•Within the next five years, dozens of new single use devices will hit the marketplace.
The biggest opportunities are for human factors researchers to carefully crystallize the critical element involved in each aspect of the human-data interface. Well-crafted interface storyboards will lead to well-designed next generation devices.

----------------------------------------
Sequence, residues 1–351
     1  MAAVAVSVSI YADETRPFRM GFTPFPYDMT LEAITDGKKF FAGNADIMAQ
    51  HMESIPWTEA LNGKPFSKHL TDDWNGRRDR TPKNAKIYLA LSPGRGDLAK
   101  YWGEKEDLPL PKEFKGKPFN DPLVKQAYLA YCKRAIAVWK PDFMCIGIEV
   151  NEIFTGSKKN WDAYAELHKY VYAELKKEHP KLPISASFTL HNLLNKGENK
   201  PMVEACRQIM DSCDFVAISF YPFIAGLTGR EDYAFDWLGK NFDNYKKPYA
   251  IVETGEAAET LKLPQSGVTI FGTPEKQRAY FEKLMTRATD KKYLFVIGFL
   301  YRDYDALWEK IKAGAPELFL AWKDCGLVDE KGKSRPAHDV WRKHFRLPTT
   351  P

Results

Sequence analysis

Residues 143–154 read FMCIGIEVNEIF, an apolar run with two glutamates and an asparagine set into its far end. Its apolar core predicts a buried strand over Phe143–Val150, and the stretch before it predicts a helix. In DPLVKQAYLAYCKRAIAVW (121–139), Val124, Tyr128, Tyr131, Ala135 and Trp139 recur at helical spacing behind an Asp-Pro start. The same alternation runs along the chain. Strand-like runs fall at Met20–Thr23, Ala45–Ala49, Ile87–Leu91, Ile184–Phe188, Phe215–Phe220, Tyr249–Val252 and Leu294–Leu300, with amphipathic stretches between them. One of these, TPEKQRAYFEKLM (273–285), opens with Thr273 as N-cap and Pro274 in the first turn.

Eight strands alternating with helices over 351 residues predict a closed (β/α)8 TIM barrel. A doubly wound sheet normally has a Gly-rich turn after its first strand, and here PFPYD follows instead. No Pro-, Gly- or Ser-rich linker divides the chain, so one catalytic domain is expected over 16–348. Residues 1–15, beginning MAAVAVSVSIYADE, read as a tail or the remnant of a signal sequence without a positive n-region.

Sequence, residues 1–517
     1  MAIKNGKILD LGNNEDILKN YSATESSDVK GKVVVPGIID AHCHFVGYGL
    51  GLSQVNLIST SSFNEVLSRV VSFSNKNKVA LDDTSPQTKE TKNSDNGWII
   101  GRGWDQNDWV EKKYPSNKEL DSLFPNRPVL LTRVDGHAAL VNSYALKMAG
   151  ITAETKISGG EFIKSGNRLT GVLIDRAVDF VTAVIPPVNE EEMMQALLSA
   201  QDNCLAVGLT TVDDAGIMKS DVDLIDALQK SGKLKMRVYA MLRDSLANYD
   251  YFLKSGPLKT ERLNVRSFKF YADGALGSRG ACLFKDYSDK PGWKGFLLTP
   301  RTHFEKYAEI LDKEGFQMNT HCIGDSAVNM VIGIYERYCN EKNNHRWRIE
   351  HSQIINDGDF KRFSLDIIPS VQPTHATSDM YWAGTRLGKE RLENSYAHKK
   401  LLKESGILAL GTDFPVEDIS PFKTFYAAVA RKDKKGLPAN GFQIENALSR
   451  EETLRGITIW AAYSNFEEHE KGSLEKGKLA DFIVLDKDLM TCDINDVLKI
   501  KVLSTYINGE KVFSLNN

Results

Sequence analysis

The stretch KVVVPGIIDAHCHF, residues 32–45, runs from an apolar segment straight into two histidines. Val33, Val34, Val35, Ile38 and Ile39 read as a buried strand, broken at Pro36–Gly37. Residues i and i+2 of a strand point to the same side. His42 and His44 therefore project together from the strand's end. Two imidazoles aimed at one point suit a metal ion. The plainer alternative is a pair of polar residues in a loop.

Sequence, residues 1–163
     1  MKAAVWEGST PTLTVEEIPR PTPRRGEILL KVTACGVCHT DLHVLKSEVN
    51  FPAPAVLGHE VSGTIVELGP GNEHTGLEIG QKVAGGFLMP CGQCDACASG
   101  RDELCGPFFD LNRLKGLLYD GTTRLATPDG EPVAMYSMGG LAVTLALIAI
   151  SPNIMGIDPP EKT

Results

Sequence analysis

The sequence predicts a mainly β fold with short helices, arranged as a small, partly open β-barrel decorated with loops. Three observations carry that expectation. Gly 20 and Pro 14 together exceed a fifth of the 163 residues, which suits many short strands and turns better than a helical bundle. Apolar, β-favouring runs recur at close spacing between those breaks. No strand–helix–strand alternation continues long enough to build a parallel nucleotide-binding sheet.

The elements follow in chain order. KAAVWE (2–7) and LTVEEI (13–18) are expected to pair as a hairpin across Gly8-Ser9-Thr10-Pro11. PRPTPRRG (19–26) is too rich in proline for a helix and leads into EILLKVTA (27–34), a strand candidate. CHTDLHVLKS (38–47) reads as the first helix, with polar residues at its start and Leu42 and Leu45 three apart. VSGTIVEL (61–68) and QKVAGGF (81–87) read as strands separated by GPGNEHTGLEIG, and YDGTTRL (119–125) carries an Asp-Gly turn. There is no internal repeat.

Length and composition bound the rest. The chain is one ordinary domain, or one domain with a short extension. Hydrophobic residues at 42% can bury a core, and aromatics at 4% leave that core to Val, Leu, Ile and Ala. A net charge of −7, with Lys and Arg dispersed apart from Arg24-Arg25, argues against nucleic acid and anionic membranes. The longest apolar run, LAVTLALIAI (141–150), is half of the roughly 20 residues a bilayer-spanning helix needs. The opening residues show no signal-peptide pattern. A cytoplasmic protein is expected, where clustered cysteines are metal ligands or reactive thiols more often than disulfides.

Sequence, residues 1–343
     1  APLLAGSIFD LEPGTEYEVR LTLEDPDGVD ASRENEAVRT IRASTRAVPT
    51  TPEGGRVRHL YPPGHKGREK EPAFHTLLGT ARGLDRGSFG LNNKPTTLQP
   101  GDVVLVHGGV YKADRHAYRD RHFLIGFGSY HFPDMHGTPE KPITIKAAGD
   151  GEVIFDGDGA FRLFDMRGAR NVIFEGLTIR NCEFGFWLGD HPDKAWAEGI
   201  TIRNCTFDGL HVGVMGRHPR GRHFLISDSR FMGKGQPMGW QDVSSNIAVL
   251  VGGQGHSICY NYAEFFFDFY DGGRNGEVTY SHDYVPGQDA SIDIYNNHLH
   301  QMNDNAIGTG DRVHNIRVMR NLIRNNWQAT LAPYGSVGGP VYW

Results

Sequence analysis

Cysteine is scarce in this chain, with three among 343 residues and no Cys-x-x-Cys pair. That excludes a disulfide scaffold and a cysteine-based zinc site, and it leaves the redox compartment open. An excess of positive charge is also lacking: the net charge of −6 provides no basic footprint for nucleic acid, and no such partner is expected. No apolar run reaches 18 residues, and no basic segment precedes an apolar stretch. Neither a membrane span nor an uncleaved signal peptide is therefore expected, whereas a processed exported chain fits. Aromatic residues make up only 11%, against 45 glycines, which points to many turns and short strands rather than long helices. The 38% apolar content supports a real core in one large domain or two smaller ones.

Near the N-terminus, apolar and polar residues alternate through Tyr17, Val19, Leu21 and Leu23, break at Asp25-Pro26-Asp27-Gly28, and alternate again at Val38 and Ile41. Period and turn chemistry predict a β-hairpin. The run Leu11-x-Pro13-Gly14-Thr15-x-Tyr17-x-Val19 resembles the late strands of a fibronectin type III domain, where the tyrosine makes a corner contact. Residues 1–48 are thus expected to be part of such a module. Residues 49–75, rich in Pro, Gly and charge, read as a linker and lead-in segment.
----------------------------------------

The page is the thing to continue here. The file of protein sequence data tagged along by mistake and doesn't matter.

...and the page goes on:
Thomas Frey is the executive director and senior futurist at the DaVinci Institute and currently Google’s top-rated futurist speaker. At the Institute, he has developed original research studies, enabling him to speak on unusual topics, translating trends into unique opportunities. Tom continually pushes the envelope of understanding, creating fascinating images of the world to come. His talks on futurist topics have captivated people ranging from high level of government officials to executives in Fortune 500 companies including NASA, IBM, AT&T, Hewlett-Packard, Unilever, GE, Blackmont Capital, Lucent Technologies, First Data, Boeing, Ford Motor Company, Qwest, Allied Signal, Hunter Douglas, Direct TV, Capital One, National Association of Federal Credit Unions, STAMATS, Bell Canada, American Chemical Society, Times of India, Leaders in Dubai, and many more. Before launching the DaVinci Institute, Tom spent 15 years at IBM as an engineer and designer where he received over 270 awards, more than any other IBM engineer.